Temperatures reached 90° at Midway Airport Tuesday for the sixth time this year. That’s hardly a record—but it is ahead of the typical pace of four 90s which have occurred by now since 1928. The 2005 tally pales in comparison to the 15 which had been logged through June 22 during the infamously hot year of 1988—a year which was to wind up with 48 readings 90° or higher at Midway and the 47 at O’Hare, the area’s all-time record. Only one 90°+ had occurred here by this time a year ago.
A windshift to the northeast which accompanied Tuesday’s late day cold frontal passage has set the stage for Wednesday’s more comfortable weather.
Stifling heat, the hottest at a number of locations in nearly two years, baked the Southwest Tuesday. Readings hit 117° at Needles, Calif., 116° at Gila Bend and 114° at Phoenix—both in Arizona.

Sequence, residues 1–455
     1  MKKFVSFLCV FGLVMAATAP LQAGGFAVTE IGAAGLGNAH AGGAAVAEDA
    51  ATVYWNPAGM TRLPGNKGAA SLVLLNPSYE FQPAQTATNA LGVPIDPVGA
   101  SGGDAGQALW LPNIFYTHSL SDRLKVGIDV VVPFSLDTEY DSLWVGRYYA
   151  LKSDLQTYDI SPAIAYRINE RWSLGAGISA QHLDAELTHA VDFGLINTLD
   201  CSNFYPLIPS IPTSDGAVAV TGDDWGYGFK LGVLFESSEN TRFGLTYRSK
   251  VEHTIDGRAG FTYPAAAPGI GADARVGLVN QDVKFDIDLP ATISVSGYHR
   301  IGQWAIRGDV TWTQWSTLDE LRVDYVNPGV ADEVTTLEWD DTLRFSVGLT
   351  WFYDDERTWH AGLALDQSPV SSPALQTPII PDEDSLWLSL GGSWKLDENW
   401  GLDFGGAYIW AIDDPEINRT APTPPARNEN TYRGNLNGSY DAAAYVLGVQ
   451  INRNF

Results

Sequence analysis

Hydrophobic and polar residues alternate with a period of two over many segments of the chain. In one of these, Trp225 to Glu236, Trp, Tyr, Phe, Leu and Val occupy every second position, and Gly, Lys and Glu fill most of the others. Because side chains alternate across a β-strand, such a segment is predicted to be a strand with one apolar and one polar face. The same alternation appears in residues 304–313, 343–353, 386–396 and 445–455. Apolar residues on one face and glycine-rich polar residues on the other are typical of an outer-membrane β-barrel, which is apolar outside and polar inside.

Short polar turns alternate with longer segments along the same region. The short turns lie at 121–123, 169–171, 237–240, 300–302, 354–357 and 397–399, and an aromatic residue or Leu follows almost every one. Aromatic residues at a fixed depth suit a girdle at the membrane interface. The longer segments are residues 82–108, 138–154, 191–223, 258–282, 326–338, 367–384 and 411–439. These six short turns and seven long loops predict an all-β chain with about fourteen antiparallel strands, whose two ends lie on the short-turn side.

One of summer’s attractions is its long days. A six month lengthening cycle culminates in more than 15 hours of daylight Tuesday as Summer, 2005 officially gets underway. The new season began at 1:46 a.m.
Sunlight Tuesday is visible more than six additional hours and is nearly five times stronger than it was just six months ago when winter began.
Monday was the first day to host 100% of this area’s possible daytime sunshine since May 4.
Some “debris” clouds, remnants of once powerful thunderstorms, decorate Chicago area skies Tuesday as a cold front approaches. The front passes early this afternoon, producing a windshift to the NE. That sends shoreline temperatures lower later today. A thunderstorm may develop in spots.
Violent storms pounded Minnesota, NW Wisconsin and Iowa Monday. Gusts of 72 m.p.h. swept Mankato while 1.80” rains flooded Amboy, Minnesota.